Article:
In the first assembly elections after the BJP's triumph in the Lok Sabha polls in May, the saffron party's electoral juggernaut met with some resistance in Maharashtra and Haryana.
The Bharatiya Janata Party-Shiv Sena alliance on Thursday retained power in Maharashtra, albeit with a reduced majority, while it was a hung assembly in Haryana where the BJP emerged as the single largest party and Jannayak Janta Party chief Dushyant Chautala and independents hold the key to government formation.
As the Nationalist Congress Party led by the wily Sharad Pawar, 78, fared better than expected for the opposition in Maharashtra, the Sena is expected to drive a hard bargain with the BJP, which was expecting a emphatic victory.
The Sena insisted on a ‘50:50’ power sharing formula for the two coalition partners.
In the first assembly elections after the BJP's triumph in the Lok Sabha polls in May, the saffron party's electoral juggernaut met with some resistance in Maharashtra and Haryana with a resurgent Congress putting up a good showing in the northern state.
Though the BJP, which bagged 40 of the 90 seats at stake in Haryana and was six short of majority to retain power, its chief Amit Shah indicated the party will stake claim to form the next government.
The half-way mark is 46. The BJP had 47 seats in the outgoing house and won all the 10 seats in the Lok Sabha polls.
All eyes were on the fledgling JJP which was floated last year by Dushyant Chautala, a former MP from Hisar, after a vertical split in the once powerful Indian National Lok Dal following a family feud in the Chautala clan.
The JJP bagged 10 while Independents had seven in their kitty.
Chautala remained non-committal on whether his party would support the BJP or the Congress in forming a government
The Congress bagged 31 seats, up from 15 in the outgoing House.
Senior Congress leader and former chief minister Bhupinder Singh Hooda, who won from his stronghold Garhi Sampla-Kiloi in Rohtak district, urged non-BJP outfits to join hands.
The BJP hailed the verdict in Maharashtra and Haryana as a victory of its development agenda, while the opposition parties termed the outcome as a ‘moral defeat’ for the saffron party, claiming that 'jingoism does not work when people are living in misery'.
Addressing party workers at the BJP headquarters in Delhi, Prime Minister Narendra Modi said people of Maharashtra and Haryana have reposed their trust in chief ministers of the two states -- Devendra Fadnavis and Manohar Lal Khattar -- and asserted they will work even harder in the next five years to serve them.
BJP sources said the party's Parliamentary Board has authorised Shah to take decisions on government formation in Maharashtra and Haryana and that there is no change in chief ministers.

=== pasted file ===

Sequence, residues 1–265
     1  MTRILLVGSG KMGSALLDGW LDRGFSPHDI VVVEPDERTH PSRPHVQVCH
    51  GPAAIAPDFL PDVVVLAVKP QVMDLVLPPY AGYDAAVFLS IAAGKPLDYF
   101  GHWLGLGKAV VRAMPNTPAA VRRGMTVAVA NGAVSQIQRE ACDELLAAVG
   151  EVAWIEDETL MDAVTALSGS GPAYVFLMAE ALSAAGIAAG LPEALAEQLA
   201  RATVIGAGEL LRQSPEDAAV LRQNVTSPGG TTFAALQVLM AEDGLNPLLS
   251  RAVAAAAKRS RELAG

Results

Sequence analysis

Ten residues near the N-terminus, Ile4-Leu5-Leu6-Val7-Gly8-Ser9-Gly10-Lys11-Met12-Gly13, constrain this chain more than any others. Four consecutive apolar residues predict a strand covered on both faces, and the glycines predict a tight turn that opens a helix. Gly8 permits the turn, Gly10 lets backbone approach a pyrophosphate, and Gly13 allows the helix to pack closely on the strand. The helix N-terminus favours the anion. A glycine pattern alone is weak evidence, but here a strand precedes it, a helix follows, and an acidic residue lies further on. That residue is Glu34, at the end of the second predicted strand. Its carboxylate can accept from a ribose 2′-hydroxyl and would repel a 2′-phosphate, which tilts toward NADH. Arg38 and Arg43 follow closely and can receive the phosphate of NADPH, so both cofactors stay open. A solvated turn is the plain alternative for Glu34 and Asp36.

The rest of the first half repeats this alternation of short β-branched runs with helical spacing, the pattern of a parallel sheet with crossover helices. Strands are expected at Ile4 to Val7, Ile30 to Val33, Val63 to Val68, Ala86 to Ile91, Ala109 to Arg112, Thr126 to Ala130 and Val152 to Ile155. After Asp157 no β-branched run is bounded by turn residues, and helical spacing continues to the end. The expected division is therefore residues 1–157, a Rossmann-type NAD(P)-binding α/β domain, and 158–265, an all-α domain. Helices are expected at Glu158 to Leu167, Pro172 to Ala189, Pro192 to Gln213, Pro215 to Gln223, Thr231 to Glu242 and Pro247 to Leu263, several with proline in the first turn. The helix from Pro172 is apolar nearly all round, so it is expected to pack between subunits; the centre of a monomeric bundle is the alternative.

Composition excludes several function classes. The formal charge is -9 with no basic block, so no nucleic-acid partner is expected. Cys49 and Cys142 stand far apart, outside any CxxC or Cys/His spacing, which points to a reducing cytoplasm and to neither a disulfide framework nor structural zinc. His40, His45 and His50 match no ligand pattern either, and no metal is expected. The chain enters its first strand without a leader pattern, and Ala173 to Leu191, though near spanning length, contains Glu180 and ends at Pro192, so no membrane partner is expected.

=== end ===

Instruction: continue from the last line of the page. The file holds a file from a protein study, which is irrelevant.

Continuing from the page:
In Maharashtra, the NCP not only improved its performance but fared even better than senior partner Congress by contesting lesser number of seats.
The BJP-Shiv Sena alliance got a simple majority with the saffron party winning 105 seats and the latter bagging 56 for a total of 161.
The half-way mark is 145.
The NCP and the Congress won 54 and 44 seats respectively.
Shiv Sena chief Uddhav Thackeray set the tone for tough bargaining amid speculation that the "50-50" formula for power-sharing could be a rotating chief ministership or equal sharing of ministries.
"Maharashtra mandate is an eye-opener for many," Thackeray told reporters in Mumbai.
"We had agreed to contest fewer seats (than the BJP), but I cannot accommodate the BJP every time. I should allow my party to grow," Uddhav said, indicating that he would drive a hard bargain.
Fadnavis, Shiv Sena leader Aaditya Thackeray, and Leader of Opposition in Legislative Council Dhananjay Munde who trounced estranged cousin and BJP minister Pankaja Munde in a keenly-contested poll battle were among the prominent winners.
"Clear mandate by voters, the next government will be of BJP-Sena mahayuti (grand alliance)," Fadnavis told reporters.
Pawar told reporters that the message was that people did not like 'the arrogance of power'.
He ruled out the possibility of the NCP and the Congress joining hands with the Shiv Sena to form the government.
"The people have asked the Nationalist Congress Party to remain in opposition," he said, adding the NCP will not try to form government.
In the 2014 polls, the BJP won 122 seats, the Sena 63, the Congress 42 and the NCP 41. The BJP and Sena had then contested separately.
The Sena joined the BJP-led government over a month after it was formed.
Fadnavis said despite the BJP ending up winning fewer seats in 2019 compared to the 2014 assembly polls, its ‘strike rate’ is better this time.
He thanked the people of Maharashtra for giving a ‘clear and decisive mandate’ to the BJP-led Mahayuti (grand alliance), adding his party and the Sena will go by what was ‘pre-decided’ between them on sharing of power.
Fadnavis said the BJP contested 260 seats in 2014 and won 122.
"This time, we contested 150 seats and our allies 14 and as per trends, we are likely to win 105 seats. Our strike rate was 47 per cent in 2014, now it is 70 per cent," he said.
He said the BJP secured 28 per cent votes in 2014 and polled around 26 per cent votes across 164 seats this time.